When I was pregnant with my first child, I read the baby manuals, studied up online, and talked to all of my parent friends. With all my research, I was pretty sure I had that life-with-a-newborn thing down. But it turned out that reading about it was very different than experiencing it. I mean, the rash in the folds of my baby's neck didn't match what was on page 26. Nor did she stay swaddled like my friend's son. One night, putting down my very dog-eared copy of a baby book, I had an epiphany: My newborn would be at least a little different from every other newborn. That's the way it was supposed to be, except nobody had told me that. These are some ways other parents were surprised in the first few weeks home with their new babes—the good, the weird, and the "wow."
Boy, Can They Snooze
"I was surprised by pretty much everything after I had my first, but I truly had no idea how much babies slept. I remember feeling nervous any time my baby slept for longer than a couple of hours at a time. I was like, 'Why aren't you awake? Are you hungry? Is something wrong? Aren't you supposed to be crying?' Funny, now I beg my kids to get some sleep."— Kristen Chase, a mother of four in Atlanta and CEO and publisher of Cool Mom Picks and Cool Mom Tech
Oh! Eeek! Ouch!
"No one told me that I wouldn't be able to sit without pain and that my nipples would be on fire—fire. Thankfully, I had purchased a Boppy nursing pillow prior to having the baby, which I used for sitting on more than nursing for the first week or so. For my nipples I discovered Soothies, gel pads you put on after the baby is finished nursing. I went through a warehouse full of those things in the first two months."—Mary Burt-Godwin, a mother of two in San Diego who blogs (and vlogs) at The Mama Mary Show
You Can Love Your Baby And Still Want To Be Alone
"I breastfed my daughter, so we were constantly together, and then there was all the time spent holding her. I got extremely emotional with so much physical contact. To help me manage, my husband would take her for at least 30 minutes when he got home from work, and I could go lay down, be away from everyone, and decompress."—Lisa S., a mother of two in Minneapolis, Minnesota, who blogs at Mommy's Nest
You'll Need More Diapers Than You Think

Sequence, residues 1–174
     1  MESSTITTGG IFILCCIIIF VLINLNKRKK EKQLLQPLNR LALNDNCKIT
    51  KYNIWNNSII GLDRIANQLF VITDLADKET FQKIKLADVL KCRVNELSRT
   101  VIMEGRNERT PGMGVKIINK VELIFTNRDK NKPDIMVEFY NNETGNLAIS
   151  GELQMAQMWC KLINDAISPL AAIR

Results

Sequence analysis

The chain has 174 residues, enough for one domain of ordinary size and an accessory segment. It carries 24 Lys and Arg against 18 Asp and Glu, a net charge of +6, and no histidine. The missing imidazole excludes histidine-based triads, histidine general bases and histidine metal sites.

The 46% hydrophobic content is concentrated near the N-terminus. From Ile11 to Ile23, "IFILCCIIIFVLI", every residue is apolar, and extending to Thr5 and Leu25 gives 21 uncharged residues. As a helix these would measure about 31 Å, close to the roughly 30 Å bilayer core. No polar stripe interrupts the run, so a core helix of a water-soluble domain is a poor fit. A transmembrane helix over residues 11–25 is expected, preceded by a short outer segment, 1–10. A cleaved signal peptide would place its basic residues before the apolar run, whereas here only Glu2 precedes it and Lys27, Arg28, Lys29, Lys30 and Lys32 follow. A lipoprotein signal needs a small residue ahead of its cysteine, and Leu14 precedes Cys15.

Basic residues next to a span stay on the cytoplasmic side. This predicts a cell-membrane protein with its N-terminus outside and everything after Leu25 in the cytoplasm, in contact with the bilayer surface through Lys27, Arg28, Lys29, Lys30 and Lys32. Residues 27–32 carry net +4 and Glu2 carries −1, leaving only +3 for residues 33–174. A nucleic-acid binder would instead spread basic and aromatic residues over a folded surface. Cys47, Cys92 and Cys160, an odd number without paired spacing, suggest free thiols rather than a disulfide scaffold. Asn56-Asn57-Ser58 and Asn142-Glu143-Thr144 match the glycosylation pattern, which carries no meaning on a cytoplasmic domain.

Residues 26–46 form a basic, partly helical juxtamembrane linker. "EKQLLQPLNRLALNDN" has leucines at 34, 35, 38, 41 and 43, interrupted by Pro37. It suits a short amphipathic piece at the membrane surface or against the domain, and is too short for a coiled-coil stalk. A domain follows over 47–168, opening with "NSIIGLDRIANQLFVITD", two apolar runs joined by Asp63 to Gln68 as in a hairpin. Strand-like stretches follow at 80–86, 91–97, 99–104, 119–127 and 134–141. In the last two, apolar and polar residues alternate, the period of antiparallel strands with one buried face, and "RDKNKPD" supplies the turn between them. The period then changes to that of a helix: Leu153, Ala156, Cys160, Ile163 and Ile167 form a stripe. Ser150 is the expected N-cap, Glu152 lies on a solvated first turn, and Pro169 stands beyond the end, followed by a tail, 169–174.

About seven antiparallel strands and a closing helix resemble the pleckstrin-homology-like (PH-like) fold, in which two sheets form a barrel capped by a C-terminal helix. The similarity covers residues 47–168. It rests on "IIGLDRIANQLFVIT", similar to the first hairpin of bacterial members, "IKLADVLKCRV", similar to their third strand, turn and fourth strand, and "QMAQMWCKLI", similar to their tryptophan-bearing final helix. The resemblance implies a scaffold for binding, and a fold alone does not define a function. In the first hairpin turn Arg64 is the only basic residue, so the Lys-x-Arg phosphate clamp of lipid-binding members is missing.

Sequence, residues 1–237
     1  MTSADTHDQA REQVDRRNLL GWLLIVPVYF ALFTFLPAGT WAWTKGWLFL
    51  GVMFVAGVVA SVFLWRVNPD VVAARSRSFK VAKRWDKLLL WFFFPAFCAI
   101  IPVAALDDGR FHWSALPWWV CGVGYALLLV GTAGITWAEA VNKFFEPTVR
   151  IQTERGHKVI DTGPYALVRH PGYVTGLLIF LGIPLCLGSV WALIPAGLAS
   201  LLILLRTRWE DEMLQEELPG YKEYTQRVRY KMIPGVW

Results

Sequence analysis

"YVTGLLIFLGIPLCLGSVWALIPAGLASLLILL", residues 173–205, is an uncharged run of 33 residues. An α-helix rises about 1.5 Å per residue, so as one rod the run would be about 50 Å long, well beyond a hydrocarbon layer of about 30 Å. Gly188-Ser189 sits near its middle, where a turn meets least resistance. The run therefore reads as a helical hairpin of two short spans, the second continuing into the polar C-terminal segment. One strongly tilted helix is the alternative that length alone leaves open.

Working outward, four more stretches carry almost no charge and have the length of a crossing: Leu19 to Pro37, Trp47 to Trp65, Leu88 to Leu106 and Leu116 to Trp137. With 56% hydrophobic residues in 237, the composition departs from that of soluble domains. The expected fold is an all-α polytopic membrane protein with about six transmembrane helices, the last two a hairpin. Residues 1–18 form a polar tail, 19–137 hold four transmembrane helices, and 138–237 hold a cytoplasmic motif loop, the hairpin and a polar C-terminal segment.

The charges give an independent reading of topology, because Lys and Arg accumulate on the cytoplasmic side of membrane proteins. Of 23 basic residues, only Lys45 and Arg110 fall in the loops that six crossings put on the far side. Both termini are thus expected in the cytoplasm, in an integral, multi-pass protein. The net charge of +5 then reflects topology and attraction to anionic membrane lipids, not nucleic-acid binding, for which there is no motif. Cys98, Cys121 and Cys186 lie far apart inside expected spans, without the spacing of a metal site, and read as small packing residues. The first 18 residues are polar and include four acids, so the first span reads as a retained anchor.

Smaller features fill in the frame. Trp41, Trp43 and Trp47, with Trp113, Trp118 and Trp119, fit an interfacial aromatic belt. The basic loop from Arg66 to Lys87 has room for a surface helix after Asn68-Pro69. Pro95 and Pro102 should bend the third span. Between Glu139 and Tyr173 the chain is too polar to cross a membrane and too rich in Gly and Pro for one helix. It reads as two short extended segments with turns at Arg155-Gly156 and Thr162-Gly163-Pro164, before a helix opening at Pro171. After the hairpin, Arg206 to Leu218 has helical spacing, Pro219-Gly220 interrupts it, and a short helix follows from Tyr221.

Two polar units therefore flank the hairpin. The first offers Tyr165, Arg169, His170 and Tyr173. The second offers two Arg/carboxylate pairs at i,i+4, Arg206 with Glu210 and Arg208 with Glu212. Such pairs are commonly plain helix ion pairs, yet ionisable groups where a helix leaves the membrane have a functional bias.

"I so wish someone had told me to stock up on boxes of diapers. I knew I'd need them but I had no idea how quickly we would go through them! For my second's baby shower, the host asked for diapers as a 'cover charge' and assigned everyone a specific size. I was stocked for months!"—Natasha Olivera, a mother of two in Miami, Florida, who blogs for Me, My Guys, & My Stumbles Through Parenthood
There's No Shame In Asking For Help (Just Sanity)
"I had no clue how challenging it would be to take care of myself during that first week at home while learning to take care of my newborn. It's like you're wearing giant pads and stretchy disposable underpants and you may need help getting out of bed and going to the bathroom is be even less fun than it was during the pregnancy. People talk about the sweet newborn stage, but even 'easy' natural births require recovery. I'm pregnant again and this time around, I won't hesitate to ask family and friends for help, or to have my husband take over while I take a soothing bath!"—Natalie Herr, a mother of one in Warner Robins, Georgia, who blogs at Oven Love
Diapering Isn't Rocket Science But...
"Diapering my oldest—who seemed so tiny—made me so nervous, I actually had my husband change her first diaper at the hospital. I quickly realized it is OK to make mistakes and babies are going to have accidents and that's what we have laundry machines. Soon, it was second nature before I knew it." —Carly Kerby, a mom of three in Salt Lake City, Utah, who blogs at Living the Scream
You'll Be Bowled Over
"At the risk of being sappy, the only thing that really floored me was how fast and powerful the emotions came once my children were born. The minute my first son was delivered I found levels of love that I never knew existed. It actually made me feel guilty about all of the things I put my parents through when I was a kid, to the point that my phone call about the birth doubled as an apology for my own lack of understanding. It was like an awakening."—Whit Honea, a father of two in Los Angeles who blogs for Honea Express and DadCentric